Indiana Assets & Opportunity Network
Increasing Asset Acquisition for Low-Wealth Hoosiers

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Indiana Ranks Average on Five Indicators of Financial Security

Tuesday, July 25 marked the release of the 2017 Prosperity Now Scorecard. The Scorecard, which ranks all 50 states and the District of Columbia along five indicators of financial security, also reports on the policies that enable or constrain states' capacity to perform well along the measures. A state’s outcome rank is determined by averaging its performance of each indicator — Financial Assets & Income, Businesses & Jobs, Homeownership & Housing, Healthcare, and Education. In 2017, Indiana averaged an outcome rank of 32, down from 30 in the 2016 Scorecard. As in 2016, Vermont ranked first while Mississippi ranked last.

Data from the Scorecard reveals that economic gains accrued since the recession disproportionately benefit wealthy families and that income and wealth inequality is especially pronounced between white households and households of color.

The Financial Assets & Income indicator reveals that, in Indiana, incomes of the top 20 percent of earners are 4.3 times higher than the incomes of the bottom 80 percent of earners. Additionally, the Scorecard reports that while 13.4 percent of households are considered income poor, households of color are 2.2 times more likely to be income poor than white households. 21.9 percent of households experience income volatility, 20 percent of households have zero net worth, and 23 percent of households are un- or under-banked. Despite the pressing need to mitigate the effects of financial insecurity, the Indiana legislature adopted only 5 out of 20 recommended policies in 2016 pertaining to the issue of Financial Assets & Income.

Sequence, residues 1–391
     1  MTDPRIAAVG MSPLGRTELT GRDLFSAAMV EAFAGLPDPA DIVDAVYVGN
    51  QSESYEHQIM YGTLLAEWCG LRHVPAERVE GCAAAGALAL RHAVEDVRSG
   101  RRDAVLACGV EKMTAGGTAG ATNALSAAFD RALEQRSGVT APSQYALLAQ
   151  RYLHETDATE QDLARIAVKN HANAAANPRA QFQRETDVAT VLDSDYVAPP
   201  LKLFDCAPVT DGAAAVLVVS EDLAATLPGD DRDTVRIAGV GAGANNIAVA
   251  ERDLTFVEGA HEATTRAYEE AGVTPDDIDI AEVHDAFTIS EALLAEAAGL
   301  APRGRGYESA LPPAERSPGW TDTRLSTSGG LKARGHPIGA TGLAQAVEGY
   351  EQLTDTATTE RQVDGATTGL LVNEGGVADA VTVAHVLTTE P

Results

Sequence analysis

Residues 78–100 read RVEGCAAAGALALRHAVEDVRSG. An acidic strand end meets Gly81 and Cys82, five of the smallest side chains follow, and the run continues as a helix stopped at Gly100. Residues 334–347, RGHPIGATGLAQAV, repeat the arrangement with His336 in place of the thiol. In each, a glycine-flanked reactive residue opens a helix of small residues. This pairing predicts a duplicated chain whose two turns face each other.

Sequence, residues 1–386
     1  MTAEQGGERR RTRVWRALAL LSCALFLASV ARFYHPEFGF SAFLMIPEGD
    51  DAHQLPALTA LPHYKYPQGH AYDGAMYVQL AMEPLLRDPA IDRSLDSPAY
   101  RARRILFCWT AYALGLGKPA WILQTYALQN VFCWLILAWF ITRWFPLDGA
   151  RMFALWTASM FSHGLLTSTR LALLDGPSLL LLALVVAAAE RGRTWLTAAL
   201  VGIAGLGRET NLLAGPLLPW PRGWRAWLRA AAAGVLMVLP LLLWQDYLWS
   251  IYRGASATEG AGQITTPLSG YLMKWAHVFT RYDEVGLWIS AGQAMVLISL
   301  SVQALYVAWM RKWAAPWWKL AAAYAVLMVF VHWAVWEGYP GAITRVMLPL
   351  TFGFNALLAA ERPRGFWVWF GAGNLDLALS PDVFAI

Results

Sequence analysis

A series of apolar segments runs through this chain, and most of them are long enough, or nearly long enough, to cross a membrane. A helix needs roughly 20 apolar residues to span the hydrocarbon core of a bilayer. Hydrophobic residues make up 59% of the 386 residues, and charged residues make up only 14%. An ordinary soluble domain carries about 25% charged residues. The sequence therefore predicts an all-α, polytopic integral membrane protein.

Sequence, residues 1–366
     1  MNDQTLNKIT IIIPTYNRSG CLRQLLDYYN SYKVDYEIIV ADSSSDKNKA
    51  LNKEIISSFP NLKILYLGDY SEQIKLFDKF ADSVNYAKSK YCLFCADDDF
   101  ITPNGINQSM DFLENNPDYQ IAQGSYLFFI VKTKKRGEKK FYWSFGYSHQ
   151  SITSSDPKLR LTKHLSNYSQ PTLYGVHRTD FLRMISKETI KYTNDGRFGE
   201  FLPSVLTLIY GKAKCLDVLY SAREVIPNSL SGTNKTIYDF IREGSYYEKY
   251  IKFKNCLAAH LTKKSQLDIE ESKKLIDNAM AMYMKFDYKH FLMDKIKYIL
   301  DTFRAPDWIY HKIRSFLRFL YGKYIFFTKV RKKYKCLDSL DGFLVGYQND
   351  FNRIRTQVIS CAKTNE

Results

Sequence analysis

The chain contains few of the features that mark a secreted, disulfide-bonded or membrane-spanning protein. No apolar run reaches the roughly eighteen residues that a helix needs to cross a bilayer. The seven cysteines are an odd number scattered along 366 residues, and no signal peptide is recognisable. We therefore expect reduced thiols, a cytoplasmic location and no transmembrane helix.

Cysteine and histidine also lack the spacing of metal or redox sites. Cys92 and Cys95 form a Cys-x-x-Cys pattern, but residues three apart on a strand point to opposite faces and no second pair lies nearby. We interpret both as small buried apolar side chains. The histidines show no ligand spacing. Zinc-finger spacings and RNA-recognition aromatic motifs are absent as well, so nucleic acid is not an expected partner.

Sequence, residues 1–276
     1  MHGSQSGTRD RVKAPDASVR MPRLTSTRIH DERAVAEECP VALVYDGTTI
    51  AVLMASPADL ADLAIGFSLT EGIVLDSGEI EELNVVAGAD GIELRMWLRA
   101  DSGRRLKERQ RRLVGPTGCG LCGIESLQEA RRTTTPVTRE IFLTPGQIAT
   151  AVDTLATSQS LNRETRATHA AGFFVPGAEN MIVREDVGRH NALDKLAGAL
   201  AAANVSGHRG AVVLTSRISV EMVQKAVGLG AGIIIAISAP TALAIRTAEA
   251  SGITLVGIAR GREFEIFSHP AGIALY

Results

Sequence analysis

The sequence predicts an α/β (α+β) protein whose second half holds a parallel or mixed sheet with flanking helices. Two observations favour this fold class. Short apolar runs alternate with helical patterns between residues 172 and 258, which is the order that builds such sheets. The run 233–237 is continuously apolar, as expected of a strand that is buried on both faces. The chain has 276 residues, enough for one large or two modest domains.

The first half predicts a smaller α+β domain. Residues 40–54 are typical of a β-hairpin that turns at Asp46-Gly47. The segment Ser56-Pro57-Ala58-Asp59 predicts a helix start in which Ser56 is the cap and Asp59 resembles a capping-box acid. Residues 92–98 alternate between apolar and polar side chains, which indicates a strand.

"There is a misconception that communities are thriving across the state, but as you can see in the 2017 Scorecard, many Hoosiers are still struggling to meet basic needs and build assets," said Kelsey Clayton, Indiana Assets & Opportunity Network Manager. In fact, more households are liquid asset poor (34.5 percent), meaning not able to subsist at the poverty threshold for 3 months utilizing existing assets, than income poor (13.4 percent).

In all five outcome categories, Indiana received a “C” for its relative performance against other states. The grade is consistent with the previous year. The lack of measurable progress in Indiana — though not unique to the state — should serve as a call to action for advocates, policymakers, and practitioners.

Prosperity Now uses national, state, county and city census data to create the Scorecard. The Scorecard interprets the data through the lens of financial security to facilitate conversations about the policies that put households on stronger financial footing. The Scorecard can orient stakeholders’ problem-solving toward achieving financial security in their communities — particularly among target populations, such as households of color, the un-banked, small business owners, single parent households, and more.

To access the Prosperity Now Scorecard and its interactive tools, visit their website.

Kathleen Taylor